Achner, Maurice V. Angel, Rifka Archbold, Geoffrey Armin, Emil Arms, John Taylor Baer, Martin Bahnc, Salcia Berry, Martha Ellis Bock, F. W. Dalstrom, Gustaf Davies, Arthur B. Euters, August Evans, Evan Llan Foy, Frances Gaug, Margaret Ann Ganso, Emil Geller, Todros
Anapol, Bert Anderson, Laura Anderson, Paul F. Anderson, Mrs. Russell Angel, Rifka Anti-War Ball Archbold, Geoffrey Archipenko, Alexander Argus Armin, Emil Armstrong, Ned Arossainy, Howard Arquin, Florence
The papers of surrealist artist Gertrude Abercrombie date from circa 1880-1986, with the bulk of the material dated 1935-1977, and measure 5.9 linear feet. Found within are biographical material; correspondence (mostly incoming letters) with friends, museums, and galleries; files for artists that interested her; writings and notes, including five journal-type notebooks; scattered personal business records; two sketchbooks by Abercrombie and additional sketches and drawings, some by others; printed material, audio recordings, one scrapbook, photographs, and estate records.
The records of the Los Angeles Stendahl Art Galleries measure 7.5 linear feet and date from 1907 to 1971. The collection is comprised of administrative and financial files, correspondence, exhibition files, and subject files on numerous artists, organizations, and other art-related topics. There is one scrapbook of clippings on the artist Edgar Payne.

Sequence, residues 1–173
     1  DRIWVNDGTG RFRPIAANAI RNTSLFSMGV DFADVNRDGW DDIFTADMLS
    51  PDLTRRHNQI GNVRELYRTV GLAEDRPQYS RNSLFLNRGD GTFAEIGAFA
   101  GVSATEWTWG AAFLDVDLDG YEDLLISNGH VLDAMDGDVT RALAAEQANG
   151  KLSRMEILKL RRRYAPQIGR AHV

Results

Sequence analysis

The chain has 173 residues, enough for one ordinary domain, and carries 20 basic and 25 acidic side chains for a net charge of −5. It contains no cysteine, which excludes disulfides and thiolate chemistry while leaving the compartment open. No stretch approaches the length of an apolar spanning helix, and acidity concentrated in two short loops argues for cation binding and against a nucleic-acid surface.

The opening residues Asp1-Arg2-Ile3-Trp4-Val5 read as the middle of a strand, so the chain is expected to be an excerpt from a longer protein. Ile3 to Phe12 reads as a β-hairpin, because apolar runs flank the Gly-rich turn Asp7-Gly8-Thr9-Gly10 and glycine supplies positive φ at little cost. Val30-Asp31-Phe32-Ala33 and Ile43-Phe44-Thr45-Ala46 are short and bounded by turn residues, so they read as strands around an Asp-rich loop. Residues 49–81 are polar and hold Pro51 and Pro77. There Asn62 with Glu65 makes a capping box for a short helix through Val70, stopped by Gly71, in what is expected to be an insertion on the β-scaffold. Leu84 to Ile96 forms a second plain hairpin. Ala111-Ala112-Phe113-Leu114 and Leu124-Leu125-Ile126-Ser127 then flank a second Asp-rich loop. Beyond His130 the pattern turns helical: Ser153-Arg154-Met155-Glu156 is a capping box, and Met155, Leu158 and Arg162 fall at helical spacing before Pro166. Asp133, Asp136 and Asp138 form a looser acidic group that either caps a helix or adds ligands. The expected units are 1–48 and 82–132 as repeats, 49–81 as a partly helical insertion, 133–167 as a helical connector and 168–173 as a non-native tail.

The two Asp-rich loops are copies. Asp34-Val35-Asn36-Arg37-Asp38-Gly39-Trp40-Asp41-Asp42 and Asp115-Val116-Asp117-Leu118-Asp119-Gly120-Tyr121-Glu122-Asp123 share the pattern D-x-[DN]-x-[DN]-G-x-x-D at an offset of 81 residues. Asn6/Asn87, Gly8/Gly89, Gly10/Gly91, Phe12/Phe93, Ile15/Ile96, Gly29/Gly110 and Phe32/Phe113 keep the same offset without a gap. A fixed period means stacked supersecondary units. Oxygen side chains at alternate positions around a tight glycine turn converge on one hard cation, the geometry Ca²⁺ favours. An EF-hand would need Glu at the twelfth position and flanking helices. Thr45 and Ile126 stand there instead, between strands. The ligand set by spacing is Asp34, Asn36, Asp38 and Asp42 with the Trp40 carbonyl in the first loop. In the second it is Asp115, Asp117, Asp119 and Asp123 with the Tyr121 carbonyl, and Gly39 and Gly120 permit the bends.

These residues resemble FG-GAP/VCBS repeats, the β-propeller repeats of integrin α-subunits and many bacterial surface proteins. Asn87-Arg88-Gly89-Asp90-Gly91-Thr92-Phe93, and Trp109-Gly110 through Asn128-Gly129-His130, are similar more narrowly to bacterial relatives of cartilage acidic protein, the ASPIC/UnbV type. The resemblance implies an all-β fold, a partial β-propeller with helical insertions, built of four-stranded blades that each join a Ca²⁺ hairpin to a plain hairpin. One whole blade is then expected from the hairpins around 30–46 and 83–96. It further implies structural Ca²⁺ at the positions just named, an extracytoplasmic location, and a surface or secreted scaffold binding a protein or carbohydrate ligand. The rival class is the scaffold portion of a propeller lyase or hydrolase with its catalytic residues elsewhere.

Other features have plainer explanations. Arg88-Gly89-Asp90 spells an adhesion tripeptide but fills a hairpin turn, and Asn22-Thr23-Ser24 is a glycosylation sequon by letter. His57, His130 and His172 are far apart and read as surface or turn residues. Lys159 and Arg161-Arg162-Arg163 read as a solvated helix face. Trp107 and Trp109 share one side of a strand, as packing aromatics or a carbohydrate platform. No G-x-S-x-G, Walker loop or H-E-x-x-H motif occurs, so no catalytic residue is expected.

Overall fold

The records of Milch Gallery measure 42.5 linear feet and date from 1911-1995. Edward Milch (1865-1953) opened the Edward Milch Gallery in New York City. In 1916, he formed a partnership with his brother Albert Milch (1881-1951), a gilder and framer, creating E. & A. Milch, Inc., a gallery specializing in American art. Harold C. Milch (1904-1981), Albert's son, was appointed a partner in 1944 and continued the business until his death. Business records of Milch Gallery, 1911-1968, include correspondence, sales records, inventories, financial records, printed matter, photographs, and legal documents. Later additions to the records date from 1922-1995 and include correspondence; artists' files; financial, sales, and stock records; printed material; and photographs.
The records of the American Federation of Arts (AFA) provide researchers with a complete set of documentation focusing on the founding and history of the organization from its inception through the 1960s. The collection measures 79.8 linear feet, and dates from 1895 through 1993, although the bulk of the material falls between 1909 and 1969. Valuable for its coverage of twentieth-century American art history, the collection also provides researchers with fairly comprehensive documentation of the many exhibitions and programs supported and implemented by the AFA to promote and study contemporary American art, both nationally and abroad.